Who Will We Be?
by Jack Wald | September 8th, 2019


I talked in the RICEmail this past week about why we should make September 1 the start of our year. (If you are not receiving the RICEmail, let me know. I want to keep you informed of what is happening in our church community.) January 1 comes in the middle of the year. It is a mid-year break, not a new start. September 1 is the start of a new school year. Summer vacations are over and we step back into the rhythm we follow for most of the year. September 1 is the true start of a new year. (I realize that this works best for the northern hemisphere. Those of you from the southern hemisphere should have your own calendar.)

Here in Rabat we are starting a new year. This is especially true for RIC. We lost a number of people this past spring/summer and are waiting to see who will come to join us for this coming year. We are waiting to see who will volunteer to carry on the ministries of the church. We have lost friends and are hoping new people will arrive who will become our friends. This is the cycle at RIC that we go through every year.

As we develop a new community this September, what kind of community do I hope we will be? Where do we look to see the kind of community we should be?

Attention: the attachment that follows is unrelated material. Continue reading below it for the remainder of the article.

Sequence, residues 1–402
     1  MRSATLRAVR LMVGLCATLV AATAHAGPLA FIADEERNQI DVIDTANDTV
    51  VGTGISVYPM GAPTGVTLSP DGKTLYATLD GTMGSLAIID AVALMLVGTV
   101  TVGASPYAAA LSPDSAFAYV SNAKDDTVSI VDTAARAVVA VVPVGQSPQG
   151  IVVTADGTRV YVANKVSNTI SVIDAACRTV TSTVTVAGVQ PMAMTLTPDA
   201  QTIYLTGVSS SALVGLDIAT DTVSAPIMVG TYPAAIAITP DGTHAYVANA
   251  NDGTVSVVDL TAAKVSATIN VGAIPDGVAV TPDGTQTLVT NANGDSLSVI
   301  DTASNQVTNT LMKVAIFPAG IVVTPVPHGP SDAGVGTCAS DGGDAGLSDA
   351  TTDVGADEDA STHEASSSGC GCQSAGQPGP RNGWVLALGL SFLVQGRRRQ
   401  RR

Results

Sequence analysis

Should we model ourselves after a church whose pastor has written a book about how to live together in Christ? Should we model ourselves after a church you have come from? Should we model ourselves after the early church? If so, which one? Which dysfunctional church should we model ourselves after?

We are all imperfect and every church is imperfect. If we model ourselves after a church we know or have read about, we will only be as imperfect as that church is. When we look for a model for how we should live in community, we need to go back to the beginning, back to what existed before there was a beginning.

For an eternity before the big bang, before the creation of the universe, the triune God existed in relationship between Father, Son, and Spirit.

Michael Reeves wrote a book titled, Delighting in the Trinity, and in his book he asks the question: What was God doing before creation? His answer is that before creation the triune God existed in relationships of love,